Poet Henry Newbolt

Henry Newbolt

Henry Newbolt Poems

  • 51.  
    Ladies, where were your bright eyes glancing,
    Where were they glancing yester-night?Saw ye Imogen dancing, dancing,
  • 52.  
    O Lord Almighty, Thou whose hands
    Despair and victory give;In whom, though tyrants tread their lands,
  • 53.  
    “Hark ye, hark to the winding horn;
    Sluggards, awake, and front the morn!Hark ye, hark to the winding horn;
  • 54.  
    After long labouring in the windy ways,
    On smooth and shining tides Swiftly the great ship glides,
  • 55.  
    In seventeen hundred and fifty-nine,
    When Hawke came swooping from the West,The French King's Admiral with twenty of the line,
  • 56.  
    Riding at dawn, riding alone,
    Gillespie left the town behind;Before he turned by the Westward road
  • 57.  
    Memories long in music sleeping,
    No more sleeping, No more dumb;
  • 58.  
    O Son of mine, when dusk shall find thee bending
    Between a gravestone and a cradle's head--Between the love whose name is loss unending
  • 59.  
    Lover of England, stand awhile and gaze
    With thankful heart, and lips refrained from praise;They rest beyond the speech of human pride
  • 60.  
    The Squire sat propped in a pillowed chair,
    His eyes were alive and clear of care,But well he knew that the hour was come
  • 61.  
    To-day, my friend is seventy-five;
    He tells his tale with no regret; His brave old eyes are steadfast yet,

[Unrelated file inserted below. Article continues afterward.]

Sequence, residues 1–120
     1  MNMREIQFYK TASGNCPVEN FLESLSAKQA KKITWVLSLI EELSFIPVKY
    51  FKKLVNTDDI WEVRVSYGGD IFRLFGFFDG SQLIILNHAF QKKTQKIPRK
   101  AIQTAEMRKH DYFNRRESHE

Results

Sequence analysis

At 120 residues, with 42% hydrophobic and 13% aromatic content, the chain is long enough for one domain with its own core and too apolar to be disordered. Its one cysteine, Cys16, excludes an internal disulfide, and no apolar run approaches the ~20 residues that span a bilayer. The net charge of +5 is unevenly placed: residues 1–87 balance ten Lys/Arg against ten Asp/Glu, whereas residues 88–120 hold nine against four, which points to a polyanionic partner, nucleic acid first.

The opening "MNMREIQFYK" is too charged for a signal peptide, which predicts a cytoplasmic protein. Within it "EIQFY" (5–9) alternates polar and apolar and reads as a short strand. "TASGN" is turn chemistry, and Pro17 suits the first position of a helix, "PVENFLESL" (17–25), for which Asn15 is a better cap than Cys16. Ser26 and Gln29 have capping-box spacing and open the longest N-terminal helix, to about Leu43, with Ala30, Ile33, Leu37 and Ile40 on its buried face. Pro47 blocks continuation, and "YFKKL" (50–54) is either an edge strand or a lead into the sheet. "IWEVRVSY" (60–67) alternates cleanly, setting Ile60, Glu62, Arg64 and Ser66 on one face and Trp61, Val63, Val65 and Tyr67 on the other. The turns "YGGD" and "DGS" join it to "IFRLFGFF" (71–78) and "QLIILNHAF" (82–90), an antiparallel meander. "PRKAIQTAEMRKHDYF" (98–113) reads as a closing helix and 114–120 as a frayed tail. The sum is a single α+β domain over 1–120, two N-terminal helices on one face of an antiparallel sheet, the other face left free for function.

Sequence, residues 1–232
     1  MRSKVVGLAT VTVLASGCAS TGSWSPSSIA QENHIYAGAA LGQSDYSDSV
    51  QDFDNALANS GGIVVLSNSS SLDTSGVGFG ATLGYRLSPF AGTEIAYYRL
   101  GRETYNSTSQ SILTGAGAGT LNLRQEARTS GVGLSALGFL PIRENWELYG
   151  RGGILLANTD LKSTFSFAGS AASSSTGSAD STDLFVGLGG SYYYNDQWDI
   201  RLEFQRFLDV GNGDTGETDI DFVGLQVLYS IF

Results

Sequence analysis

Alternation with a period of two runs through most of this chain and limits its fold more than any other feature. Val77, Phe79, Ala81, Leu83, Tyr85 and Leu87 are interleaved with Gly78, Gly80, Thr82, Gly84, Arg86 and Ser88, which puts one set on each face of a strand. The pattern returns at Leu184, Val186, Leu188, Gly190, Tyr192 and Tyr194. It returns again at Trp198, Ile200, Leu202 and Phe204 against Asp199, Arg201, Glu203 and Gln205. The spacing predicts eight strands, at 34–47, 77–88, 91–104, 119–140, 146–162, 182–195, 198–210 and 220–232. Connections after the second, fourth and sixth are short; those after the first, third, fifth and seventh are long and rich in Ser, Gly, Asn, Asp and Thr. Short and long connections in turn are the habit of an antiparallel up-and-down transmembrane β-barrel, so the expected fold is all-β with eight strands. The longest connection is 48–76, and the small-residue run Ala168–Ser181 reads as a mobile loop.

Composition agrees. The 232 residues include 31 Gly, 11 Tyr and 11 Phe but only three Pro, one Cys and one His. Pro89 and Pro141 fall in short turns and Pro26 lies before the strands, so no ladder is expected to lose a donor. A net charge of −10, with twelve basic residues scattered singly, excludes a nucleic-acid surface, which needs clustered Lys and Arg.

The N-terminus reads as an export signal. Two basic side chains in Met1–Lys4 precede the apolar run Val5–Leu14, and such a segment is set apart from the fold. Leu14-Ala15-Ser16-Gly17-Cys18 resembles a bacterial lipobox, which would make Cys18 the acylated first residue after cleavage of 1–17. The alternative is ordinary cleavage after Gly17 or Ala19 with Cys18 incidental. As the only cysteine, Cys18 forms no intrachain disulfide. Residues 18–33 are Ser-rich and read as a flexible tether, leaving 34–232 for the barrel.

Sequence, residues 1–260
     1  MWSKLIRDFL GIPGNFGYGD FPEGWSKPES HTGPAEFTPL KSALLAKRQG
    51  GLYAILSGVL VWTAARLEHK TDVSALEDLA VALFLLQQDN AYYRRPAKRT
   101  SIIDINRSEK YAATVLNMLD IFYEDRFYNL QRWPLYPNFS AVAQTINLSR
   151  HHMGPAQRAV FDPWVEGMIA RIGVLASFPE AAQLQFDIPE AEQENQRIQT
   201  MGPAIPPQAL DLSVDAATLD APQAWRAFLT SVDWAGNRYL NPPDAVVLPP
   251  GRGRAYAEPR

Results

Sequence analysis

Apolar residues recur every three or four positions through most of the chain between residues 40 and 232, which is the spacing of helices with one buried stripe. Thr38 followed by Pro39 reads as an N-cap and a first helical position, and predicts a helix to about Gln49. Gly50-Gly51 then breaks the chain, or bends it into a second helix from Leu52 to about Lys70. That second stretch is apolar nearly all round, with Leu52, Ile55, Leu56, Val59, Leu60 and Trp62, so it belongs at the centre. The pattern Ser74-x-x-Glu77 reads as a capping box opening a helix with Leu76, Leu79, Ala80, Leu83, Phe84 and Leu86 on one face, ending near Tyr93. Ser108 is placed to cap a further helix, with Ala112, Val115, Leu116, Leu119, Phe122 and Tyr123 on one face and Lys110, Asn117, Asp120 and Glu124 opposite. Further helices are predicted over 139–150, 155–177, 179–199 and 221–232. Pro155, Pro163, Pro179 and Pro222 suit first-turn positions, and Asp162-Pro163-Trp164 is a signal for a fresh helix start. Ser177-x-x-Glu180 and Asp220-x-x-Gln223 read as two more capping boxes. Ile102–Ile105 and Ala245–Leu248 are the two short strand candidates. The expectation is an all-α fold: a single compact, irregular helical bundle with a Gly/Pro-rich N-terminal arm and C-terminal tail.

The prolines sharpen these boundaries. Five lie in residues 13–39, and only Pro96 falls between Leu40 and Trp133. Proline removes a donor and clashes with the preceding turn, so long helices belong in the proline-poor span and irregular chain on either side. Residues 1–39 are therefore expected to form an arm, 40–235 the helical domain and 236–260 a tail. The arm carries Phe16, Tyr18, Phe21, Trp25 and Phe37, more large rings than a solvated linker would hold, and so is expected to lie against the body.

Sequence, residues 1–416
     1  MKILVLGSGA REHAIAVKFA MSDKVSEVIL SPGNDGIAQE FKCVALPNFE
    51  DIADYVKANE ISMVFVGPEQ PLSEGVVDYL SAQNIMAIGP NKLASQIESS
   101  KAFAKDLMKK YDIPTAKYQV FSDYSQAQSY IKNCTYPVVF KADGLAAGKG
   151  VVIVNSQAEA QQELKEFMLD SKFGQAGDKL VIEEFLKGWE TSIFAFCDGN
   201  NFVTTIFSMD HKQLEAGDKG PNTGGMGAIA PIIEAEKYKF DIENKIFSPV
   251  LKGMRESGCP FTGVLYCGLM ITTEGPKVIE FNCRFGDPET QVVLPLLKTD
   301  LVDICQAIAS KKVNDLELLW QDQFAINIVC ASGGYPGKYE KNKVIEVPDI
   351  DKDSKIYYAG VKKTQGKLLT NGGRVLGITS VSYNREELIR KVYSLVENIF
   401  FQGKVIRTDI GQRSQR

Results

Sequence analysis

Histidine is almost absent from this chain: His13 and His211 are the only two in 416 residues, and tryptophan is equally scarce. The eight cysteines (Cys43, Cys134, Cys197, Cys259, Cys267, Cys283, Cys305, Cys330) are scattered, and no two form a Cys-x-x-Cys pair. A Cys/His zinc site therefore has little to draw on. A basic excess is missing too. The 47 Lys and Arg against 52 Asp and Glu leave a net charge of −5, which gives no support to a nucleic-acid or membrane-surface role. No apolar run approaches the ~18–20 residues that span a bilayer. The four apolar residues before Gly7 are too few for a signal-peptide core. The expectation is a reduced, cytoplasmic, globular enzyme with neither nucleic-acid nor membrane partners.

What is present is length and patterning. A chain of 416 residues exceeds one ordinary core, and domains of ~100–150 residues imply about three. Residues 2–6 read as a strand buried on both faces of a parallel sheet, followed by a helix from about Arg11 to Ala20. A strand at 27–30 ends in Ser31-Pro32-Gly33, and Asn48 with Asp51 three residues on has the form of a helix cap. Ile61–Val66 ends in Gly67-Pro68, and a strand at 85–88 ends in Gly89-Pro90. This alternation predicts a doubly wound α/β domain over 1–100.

• 62.  
    Praise thou with praise unending,
    The Master of the Wine;To all their portions sending
  • 63.  
    Drake he's in his hammock an' a thousand miles away,
    (Capten, art tha sleepin' there below?)Slung atween the round shot in Nombre Dios Bay,
  • 64.  
    (Mobile Bay, 1864)

  • 65.  
    I sat by the granite pillar, and sunlight fell
    Where the sunlight fell of old,And the hour was the hour my heart remembered well,
  • 66.  
    This is the Chapel: here, my son,
    Your father thought the thoughts of youth,And heard the words that one by one
  • 67.  
    By the hearth-stone
    She sits alone, The long night bearing:
  • 68.  
    I cannot tell, of twain beneath this bond,
    Which one in grief the other goes beyond,--Narcissus, who to end the pain he bore
  • 69.  
    Lad, and can you rest now,
    There beneath your hill!Your hands are on your breast now,
  • 70.  
    She is a lady fair and wise,
    Her heart her counsel keeps,And well she knows of time that flies
  • 71.  
    Effingham, Grenville, Raleigh, Drake,
    Here's to the bold and free!Benbow, Collingwood, Byron, Blake,
  • 72.  
    Boys, are ye calling a toast to-night?
    (Hear what the sea-wind saith)Fill for a bumper strong and bright,
  • 73.  
    With sanguine looks
    And rolling walkAmong the rooks
  • 74.  
    The Forest above and the Combe below,
    On a bright September morn!He's the soul of a clod who thanks not God
  • 75.  
    It fell in the year of Mutiny,
    At darkest of the night,John Nicholson by Jalandhar came,
  • 76.  
    “Ye have robbed,” said he, “ye have slaughtered and made an end,
    Take your ill-got plunder, and bury the dead:What will ye more of your guest and sometime friend?”
Total 76 poems written by Henry Newbolt

Poem of the day

Charles Hamilton Sorley Poem
To Germany
 by Charles Hamilton Sorley

You are blind like us. Your hurt no man designed,
And no man claimed the conquest of your land.
But gropers both through fields of thought confined
We stumble and we do not understand.
You only saw your future bigly planned,
And we, the tapering paths of our own mind,
And in each others dearest ways we stand,
And hiss and hate. And the blind fight the blind.

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